3) Nick Young: Swaggy P back in Philly? It'd make a lot of sense after seeing the role he played in Golden State last season. A .392 three-point shooter over the last two seasons.
The Redick Role
1) Trevor Ariza: Would be ideal in a lot of different ways. Could slot ahead of Covington in the rotation. Pairing him with Redick would be intriguing.
2) Kentavious Caldwell–Pope: He'll clearly be hoping for a multi-year deal after signing for one year and $18 million with the Lakers, similar to Redick's contract with the Sixers. A defensive upgrade over Redick, he also shot .383 from downtown in his first season with the Lakers.
3) Avery Bradley: At one point, he seemed like a candidate for a multi-year deal in the upper teens, but a disappointing season that ended with injury could limit his market to the mid-level exception territory. Maybe a one-year overpay lands him.
4) Will Barton: I have him on the list because he's a bucket-getter who shot .370 from three-point range in each of the last two seasons while playing a prominent role in Denver. I don't have him at No. 1 because it's difficult to envision him settling for a one-year deal, even on an over-pay. Reportedly turned down four years and $40+ million last offseason.
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The Ilyasova Role
1) Luc Mbah a Moute: One of the better playoff-caliber role players in league, he's a good shooter from deep and a solid, versatile defender. Checks off a lot of boxes. At his age, could be enticed by a substantial one-year offer?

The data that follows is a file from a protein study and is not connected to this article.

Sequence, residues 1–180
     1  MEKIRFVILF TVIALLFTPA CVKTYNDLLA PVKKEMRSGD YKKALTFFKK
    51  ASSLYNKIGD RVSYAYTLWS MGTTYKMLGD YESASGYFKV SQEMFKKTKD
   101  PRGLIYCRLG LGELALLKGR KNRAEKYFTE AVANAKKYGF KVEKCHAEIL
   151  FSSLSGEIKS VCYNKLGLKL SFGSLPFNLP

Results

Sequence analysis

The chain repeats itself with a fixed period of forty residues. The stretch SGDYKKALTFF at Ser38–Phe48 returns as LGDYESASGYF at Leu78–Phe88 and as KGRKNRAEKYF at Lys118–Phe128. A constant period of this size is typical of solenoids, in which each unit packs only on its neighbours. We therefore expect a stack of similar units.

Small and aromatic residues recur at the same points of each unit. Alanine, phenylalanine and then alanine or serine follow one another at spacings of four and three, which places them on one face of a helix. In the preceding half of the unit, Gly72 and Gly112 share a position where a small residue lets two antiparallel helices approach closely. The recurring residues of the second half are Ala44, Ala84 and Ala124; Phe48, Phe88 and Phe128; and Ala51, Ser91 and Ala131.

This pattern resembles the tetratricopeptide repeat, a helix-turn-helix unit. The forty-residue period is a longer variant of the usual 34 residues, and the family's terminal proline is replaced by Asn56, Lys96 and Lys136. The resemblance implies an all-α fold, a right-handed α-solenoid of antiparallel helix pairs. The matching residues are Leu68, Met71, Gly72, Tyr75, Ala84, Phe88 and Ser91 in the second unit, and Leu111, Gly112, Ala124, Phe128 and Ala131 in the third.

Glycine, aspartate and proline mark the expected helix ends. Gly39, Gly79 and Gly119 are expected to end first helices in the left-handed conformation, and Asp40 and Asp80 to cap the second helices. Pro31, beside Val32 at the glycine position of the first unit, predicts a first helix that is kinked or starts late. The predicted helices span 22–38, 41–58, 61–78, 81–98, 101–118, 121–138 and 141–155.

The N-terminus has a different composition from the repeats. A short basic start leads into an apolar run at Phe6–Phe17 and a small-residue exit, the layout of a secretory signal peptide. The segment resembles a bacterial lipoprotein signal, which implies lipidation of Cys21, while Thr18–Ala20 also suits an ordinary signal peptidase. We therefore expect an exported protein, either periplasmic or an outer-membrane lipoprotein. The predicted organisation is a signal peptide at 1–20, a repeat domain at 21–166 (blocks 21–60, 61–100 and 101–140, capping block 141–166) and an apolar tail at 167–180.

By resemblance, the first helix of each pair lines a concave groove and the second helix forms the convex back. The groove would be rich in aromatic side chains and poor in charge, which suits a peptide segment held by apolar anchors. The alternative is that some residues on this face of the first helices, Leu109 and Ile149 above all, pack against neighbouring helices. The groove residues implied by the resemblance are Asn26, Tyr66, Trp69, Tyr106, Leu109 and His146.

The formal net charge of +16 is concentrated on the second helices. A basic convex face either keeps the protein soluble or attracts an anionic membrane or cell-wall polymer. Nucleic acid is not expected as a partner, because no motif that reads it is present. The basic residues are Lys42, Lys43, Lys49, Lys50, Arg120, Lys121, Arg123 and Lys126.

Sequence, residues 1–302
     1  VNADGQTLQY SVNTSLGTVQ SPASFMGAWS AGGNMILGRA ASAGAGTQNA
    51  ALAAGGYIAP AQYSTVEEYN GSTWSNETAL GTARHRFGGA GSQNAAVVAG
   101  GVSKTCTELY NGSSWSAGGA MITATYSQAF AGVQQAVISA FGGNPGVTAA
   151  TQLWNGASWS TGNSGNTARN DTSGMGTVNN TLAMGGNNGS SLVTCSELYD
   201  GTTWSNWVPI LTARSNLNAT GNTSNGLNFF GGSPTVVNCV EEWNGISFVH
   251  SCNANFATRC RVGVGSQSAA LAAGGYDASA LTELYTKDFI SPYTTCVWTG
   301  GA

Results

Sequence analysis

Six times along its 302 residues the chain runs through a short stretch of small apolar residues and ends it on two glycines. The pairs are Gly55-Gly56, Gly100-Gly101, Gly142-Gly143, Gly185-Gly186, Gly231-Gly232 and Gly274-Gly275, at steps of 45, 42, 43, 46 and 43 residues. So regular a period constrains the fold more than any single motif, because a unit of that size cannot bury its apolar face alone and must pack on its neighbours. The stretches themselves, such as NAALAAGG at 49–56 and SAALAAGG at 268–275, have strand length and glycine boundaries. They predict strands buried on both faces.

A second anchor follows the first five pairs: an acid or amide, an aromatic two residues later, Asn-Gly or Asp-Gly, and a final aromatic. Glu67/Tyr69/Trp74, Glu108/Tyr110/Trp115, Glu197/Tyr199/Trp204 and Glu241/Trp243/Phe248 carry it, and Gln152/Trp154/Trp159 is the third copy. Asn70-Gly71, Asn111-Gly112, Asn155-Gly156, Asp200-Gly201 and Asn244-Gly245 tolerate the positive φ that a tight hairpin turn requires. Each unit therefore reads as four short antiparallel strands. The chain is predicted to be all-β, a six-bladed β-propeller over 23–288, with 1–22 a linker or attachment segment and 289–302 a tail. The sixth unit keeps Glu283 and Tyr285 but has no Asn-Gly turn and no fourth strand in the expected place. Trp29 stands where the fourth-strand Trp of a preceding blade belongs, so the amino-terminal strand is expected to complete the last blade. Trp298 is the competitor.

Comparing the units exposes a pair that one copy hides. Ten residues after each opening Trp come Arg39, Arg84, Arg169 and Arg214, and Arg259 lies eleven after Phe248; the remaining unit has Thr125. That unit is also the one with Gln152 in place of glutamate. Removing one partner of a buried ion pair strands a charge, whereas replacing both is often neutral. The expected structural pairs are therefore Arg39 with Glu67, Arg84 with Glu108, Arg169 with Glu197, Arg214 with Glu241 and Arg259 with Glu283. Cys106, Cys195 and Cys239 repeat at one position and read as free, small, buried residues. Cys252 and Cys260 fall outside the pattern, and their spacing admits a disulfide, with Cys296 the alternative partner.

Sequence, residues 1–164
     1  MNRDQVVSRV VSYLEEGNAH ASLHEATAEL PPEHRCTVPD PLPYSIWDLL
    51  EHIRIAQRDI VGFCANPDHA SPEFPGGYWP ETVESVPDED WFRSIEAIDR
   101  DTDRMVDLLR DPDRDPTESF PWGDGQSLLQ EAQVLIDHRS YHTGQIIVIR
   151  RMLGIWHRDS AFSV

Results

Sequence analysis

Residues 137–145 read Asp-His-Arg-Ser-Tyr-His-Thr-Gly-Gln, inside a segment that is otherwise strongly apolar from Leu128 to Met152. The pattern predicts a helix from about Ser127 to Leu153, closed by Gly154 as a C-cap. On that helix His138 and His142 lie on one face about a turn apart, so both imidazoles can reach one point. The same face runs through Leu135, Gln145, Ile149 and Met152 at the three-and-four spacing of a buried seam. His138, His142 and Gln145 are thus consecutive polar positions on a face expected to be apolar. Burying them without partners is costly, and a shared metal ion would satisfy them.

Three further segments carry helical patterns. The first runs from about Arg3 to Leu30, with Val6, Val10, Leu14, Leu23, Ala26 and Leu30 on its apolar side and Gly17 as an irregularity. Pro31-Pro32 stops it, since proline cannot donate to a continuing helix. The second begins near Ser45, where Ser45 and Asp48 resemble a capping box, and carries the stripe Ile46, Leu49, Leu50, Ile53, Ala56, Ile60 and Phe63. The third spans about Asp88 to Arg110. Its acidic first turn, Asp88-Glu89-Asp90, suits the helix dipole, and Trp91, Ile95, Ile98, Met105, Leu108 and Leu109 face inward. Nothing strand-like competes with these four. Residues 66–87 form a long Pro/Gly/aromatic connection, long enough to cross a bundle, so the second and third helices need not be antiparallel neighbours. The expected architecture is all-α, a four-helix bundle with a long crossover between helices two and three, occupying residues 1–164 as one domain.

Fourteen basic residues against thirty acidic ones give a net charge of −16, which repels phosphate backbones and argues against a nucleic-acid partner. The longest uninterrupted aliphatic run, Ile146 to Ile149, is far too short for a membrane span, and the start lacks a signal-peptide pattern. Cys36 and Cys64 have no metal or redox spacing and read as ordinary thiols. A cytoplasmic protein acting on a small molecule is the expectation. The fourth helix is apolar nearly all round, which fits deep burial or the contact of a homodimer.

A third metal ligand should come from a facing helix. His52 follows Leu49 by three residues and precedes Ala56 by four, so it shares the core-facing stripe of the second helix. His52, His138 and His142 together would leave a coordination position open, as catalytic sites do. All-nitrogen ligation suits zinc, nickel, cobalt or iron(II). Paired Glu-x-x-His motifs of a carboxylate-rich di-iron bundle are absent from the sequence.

2) Nemanja Bjelica: Would seem to be a candidate for a multi-year deal. Don't know what the Sixers think of his defense, but he shot .415 from three-point range while averaging 21 minutes per night last season.
3) Anthony Tolliver: Will be 33 years old, so a one-year candidate. Has shot .418 from three-point range with an average of 4.1 attempts per game over the last two seasons. Defense a question mark.
4) Mike Scott: Knocked down 41 percent of his three-point attempts and moved into a prominent role in the Wizards rotation down the stretch and through the playoffs last season.
Two of the best fits on this list are Ariza and Mbah a Moute, which will make the Rockets a key player as it relates to the Sixers' market. If they fail to add another elite free agent to Chris Paul and James Harden, it wouldn't help the Sixers cause. Houston can go over the cap to re-sign Ariza.